While we were waiting for the day to come along, we had a letter one day (at the time when Building Societies were merging) and if you were a member you could get a windfall, Well we had a cheque enclosed for just such a windfall and I bet you can guess what we did next!! We rang Pam to see if she still had the Scottie puppies for sale and as she had we said we wanted one and would like to come and see them. She thought we didn’t want Poppy though but we explained we wanted them both. We arrived on a Saturday morning to view the Scotties and as we walked in their was another couple from London viewing them too, we started to have a hold and a cuddle of the little black bundles of joy and picked the life and soul of the litter and quite a little chubby girl, only to be told that the couple from London had already pipped us to the post and so we had to pick the next ring leader in the litter and we named her Sooty. We took Poppy with us that day, she was 7 weeks old.
We got her home and Lucy was over the moon, no aggression what so ever and was just like a new mother, licking and tendering to her every need and only 2 years older too, it was a lovely site to see. We thought it better though that Poppy should sleep on her own in an indoor kennel as she was quite tiny. Later that day we put some bedding into the kennel and placed Poppy in for a sleep, What a shock we had, she was so tiny she just walked out of the tiny square holes that made up the panels to the kennel, so we had to go out and buy some meshing to close off her escape route, it was quite funny though to see her squeeze out at first. The weeks were ticking by and Lucy was teaching Poppy how to behave, but Poppy wasn’t having any of it, she just wanted to do mischief and take the mick out of Lucy, but all good fun.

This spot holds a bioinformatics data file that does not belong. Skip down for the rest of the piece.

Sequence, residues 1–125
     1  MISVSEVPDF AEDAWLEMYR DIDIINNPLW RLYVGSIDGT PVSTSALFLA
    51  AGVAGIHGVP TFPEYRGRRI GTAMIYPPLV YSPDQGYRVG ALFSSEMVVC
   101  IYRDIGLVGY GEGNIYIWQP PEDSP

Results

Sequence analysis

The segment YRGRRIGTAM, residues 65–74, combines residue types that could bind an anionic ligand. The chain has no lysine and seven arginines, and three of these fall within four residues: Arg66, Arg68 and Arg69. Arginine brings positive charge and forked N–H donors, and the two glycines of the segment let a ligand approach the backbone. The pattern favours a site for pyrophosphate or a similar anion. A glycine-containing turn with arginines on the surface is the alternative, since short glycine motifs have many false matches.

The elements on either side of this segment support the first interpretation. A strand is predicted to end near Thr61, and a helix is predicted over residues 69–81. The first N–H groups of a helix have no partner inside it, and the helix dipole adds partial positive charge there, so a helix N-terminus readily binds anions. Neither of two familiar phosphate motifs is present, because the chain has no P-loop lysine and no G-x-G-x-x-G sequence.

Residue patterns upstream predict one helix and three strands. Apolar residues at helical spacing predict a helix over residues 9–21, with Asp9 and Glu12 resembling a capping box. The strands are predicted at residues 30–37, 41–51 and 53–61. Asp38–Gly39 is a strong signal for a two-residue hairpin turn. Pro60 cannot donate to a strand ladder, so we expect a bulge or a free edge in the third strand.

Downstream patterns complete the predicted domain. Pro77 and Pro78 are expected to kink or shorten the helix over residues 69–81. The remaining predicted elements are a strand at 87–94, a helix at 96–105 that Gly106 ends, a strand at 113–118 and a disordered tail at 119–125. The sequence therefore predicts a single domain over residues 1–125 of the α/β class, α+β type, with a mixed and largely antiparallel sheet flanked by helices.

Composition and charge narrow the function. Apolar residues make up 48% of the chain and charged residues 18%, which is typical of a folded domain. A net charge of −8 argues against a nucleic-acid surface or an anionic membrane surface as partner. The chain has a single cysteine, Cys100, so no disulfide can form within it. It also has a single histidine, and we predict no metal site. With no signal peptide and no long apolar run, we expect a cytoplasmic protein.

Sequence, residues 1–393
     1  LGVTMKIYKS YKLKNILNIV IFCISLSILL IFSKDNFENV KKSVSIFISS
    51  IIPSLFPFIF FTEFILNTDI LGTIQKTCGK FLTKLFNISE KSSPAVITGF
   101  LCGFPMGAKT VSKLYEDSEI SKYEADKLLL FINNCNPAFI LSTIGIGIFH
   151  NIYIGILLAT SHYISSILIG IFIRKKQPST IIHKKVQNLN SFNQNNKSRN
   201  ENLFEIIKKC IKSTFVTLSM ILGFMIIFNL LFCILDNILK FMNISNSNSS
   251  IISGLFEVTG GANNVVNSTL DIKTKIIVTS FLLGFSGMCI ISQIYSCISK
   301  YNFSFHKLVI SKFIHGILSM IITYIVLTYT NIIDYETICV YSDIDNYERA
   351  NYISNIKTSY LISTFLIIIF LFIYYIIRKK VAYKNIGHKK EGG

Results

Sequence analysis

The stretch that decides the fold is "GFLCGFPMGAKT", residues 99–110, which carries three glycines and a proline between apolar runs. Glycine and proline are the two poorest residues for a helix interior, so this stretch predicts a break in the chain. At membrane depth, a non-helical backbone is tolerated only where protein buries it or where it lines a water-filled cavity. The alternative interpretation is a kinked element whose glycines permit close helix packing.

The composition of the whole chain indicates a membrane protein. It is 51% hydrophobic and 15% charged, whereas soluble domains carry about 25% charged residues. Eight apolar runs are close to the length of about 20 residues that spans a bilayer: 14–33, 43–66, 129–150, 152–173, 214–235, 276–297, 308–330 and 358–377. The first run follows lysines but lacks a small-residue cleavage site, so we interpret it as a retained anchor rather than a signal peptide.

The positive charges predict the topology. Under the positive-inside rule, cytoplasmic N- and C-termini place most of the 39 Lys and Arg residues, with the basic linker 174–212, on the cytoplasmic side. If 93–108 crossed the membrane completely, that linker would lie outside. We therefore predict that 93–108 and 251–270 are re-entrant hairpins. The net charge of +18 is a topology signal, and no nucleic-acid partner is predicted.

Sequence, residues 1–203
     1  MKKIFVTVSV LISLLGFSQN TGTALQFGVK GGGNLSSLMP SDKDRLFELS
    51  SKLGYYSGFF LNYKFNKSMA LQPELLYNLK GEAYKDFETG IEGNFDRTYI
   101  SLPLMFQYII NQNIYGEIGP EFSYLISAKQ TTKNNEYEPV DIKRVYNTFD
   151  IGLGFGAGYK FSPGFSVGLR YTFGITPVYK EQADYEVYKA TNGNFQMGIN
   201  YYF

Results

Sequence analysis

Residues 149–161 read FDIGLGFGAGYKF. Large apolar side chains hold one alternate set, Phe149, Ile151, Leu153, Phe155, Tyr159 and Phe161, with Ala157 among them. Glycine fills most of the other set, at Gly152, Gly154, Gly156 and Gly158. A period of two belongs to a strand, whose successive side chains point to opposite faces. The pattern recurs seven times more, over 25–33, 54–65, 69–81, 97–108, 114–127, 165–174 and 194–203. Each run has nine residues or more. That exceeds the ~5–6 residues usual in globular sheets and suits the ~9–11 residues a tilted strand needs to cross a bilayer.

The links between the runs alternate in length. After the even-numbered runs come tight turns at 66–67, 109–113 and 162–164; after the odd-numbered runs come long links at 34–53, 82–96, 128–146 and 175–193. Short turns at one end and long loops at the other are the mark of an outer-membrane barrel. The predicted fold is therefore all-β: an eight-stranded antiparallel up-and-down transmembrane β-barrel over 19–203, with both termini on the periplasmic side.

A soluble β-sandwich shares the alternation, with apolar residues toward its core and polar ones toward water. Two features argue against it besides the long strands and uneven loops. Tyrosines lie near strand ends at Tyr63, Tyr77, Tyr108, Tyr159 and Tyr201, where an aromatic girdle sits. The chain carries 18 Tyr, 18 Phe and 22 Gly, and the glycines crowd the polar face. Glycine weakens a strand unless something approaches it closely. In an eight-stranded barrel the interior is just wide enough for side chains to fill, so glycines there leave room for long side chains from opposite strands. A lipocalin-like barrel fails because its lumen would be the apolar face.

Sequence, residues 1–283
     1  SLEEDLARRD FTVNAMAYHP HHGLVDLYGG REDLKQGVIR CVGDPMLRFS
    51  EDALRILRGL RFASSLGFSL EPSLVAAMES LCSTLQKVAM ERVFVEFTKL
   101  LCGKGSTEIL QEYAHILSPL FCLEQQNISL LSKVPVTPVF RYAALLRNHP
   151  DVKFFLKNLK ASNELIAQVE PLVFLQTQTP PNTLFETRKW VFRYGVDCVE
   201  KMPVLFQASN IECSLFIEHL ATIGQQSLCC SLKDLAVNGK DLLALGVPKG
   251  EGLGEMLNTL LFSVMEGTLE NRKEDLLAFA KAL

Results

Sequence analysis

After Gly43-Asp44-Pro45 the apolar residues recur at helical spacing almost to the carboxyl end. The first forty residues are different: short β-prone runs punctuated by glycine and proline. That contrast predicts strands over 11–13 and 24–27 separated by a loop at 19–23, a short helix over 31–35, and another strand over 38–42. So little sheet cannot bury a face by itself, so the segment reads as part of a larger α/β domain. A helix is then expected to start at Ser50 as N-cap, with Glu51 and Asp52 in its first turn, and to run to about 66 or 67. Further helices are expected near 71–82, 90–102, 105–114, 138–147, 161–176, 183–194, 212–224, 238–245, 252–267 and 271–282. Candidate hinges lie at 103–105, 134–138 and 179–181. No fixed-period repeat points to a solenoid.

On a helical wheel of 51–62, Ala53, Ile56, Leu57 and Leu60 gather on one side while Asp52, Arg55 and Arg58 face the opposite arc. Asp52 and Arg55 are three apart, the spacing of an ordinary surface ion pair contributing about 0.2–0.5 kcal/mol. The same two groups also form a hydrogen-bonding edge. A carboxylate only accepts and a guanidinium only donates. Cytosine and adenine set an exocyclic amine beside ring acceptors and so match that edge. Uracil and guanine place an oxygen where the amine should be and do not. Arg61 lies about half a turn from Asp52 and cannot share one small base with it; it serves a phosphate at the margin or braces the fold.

Finally the day came to collect Sooty, Saturday morning once again. We put Lucy and Poppy in the car and off we went, it was a cold and wet March day and it didn’t help that we had to drive over the moors towards Buxton. Anyway not to bad a journey in the end and when we arrived, the couple from London were just leaving for home with their puppy. Anyway we had a good chin wag with Pam, paid our dues and collected our new little bundle. Lucy was very tentative once more and was in motherly heaven, she would even roll over onto her back thinking she had some milk to feed them both, but she loved to take care of them and it was good for her as she was getting over Cassy and Bonny.
When the Puppies were old enough to go out it was Easter and we had already booked up to go to Scotland in our touring caravan with our friends who also had a caravan and a Border collie who was the same age as our Lucy. Anyway off we set to Luss situated on the side of Loch Lomond, Lucy in her own position in the centre of the back seat, Sooty behind her dad in Cass’s old place and Poppy behind her mum in Bonny’s old seat. They took to traveling here like ducks to water and still travel in those places to this day with their safety harnesses connected to their seat belts and they never ever complain. While we were in Scotland we met many different nationalities on our travels and it was surprising how many people wanted to buy them of us, as many people would say you don’t see many Scottie dogs these days and we also found it very annoying that people would call Sooty a Westie or call Lucy and Poppy a Scottie! We found ourselves on many occasions trying to explain the difference, but no hard feelings though, we tend to forget not every one is a dog lover like us eh.
We have some bad times with our girls though, like when Lucy got a really bad infection when in season and had to have an hysterectomy as she was in a really bad way and has also suffered for years with tummy problems (vets call it Westie tummy) and say its common, but do not seem to have a cure, Poppy was quite a sickly puppy and it took some time to settle her down to eating properly at all, but she’s quite a little trooper now at 9 years old, but still acts like a puppy.